Jennifer Hamilton Takes a Modern Approach to Law at Deere & Company

Senior Counsel Jennifer Hamilton pioneers new technology-related practices at a company that was established in the nineteenth century

Jennifer Hamilton, Senior Counsel, Head of Global Evidence Team, Deere & Company Photo by Max Gerega

Jennifer Hamilton knows exactly what has gotten her to where she is today as senior counsel and head of the global evidence team at Deere & Company. “It’s really been a combination of three things: growing up in a family of prodigies, exposure to diversity, and having people in my life who pushed me out of my comfort zone at exactly the right time,” she says.

Hamilton’s mother was a child art prodigy, she explains, while her brother took after their father and started tinkering with computers at the age of three. “Growing up with focused experts was normal,” Hamilton notes. “And while I excelled in school generally, the insecurity of not knowing the ‘one thing’ I should be doing did haunt me.”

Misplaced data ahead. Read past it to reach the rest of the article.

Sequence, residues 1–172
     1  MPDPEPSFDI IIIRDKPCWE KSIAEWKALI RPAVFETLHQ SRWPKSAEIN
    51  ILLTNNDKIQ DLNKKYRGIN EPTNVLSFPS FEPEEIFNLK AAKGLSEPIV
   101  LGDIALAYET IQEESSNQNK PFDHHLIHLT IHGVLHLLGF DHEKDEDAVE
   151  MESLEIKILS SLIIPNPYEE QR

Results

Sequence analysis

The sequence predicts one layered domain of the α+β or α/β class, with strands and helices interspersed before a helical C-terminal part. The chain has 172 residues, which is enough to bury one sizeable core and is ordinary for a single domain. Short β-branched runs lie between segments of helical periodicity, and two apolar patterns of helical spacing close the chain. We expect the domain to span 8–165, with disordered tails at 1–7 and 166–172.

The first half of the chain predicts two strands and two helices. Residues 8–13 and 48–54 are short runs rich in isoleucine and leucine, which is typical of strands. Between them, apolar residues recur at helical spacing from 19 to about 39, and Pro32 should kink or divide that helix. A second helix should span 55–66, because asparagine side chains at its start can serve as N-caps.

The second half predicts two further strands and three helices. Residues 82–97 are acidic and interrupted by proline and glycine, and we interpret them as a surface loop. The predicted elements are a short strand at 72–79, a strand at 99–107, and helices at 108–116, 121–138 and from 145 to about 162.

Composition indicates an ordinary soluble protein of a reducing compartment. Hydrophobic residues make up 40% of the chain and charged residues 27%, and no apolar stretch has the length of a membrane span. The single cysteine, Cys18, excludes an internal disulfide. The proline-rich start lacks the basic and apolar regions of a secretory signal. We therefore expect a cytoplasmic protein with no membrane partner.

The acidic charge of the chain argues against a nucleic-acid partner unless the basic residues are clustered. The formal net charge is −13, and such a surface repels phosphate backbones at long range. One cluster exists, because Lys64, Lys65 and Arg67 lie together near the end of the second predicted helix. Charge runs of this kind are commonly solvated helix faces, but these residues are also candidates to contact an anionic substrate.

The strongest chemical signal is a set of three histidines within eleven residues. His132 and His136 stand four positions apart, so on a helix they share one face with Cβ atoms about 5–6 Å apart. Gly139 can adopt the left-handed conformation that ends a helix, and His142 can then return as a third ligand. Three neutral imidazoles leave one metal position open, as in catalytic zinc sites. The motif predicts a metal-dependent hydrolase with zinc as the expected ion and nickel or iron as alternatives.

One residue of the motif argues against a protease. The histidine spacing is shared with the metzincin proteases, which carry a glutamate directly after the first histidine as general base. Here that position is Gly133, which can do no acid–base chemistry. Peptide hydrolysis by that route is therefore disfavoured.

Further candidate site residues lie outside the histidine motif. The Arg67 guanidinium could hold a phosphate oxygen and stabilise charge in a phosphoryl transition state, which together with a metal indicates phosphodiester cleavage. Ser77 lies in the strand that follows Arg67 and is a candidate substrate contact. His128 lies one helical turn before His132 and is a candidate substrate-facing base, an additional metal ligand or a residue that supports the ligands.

A marketing major at the University of Texas at Austin–Red McCombs School of Business, Hamilton questioned whether she should be in a general business program or pursue something more focused (albeit completely unrelated), like art history. But one day, one of her management professors gave the class more important advice that Hamilton has never forgotten: that if they stayed in Texas after graduating instead of getting out and exploring the world, they would be making the biggest mistake of their lives.

“He said, ‘You can always come back home, but you can’t always leave,’” Hamilton recalls. “But at the time, I never considered leaving the state of Texas, leaving my network and comfort zone.” Hamilton was raised in southeast Texas: the “land of oil rigs, seafood digs, and personal injury attorneys,” as she jokingly puts it. It’s also a land of huge divides in terms of culture, socioeconomic classes, and professional status.

“I had friends and neighbors and classmates still laboring under long-standing segregation,” she says. “When I graduated high school, it was the anniversary of the school being desegregated.

“And it was apparent in the gender roles as well,” Hamilton adds. “My mother always wanted me to be a professional and supported me when I entered that life, but that was never in the cards for her.”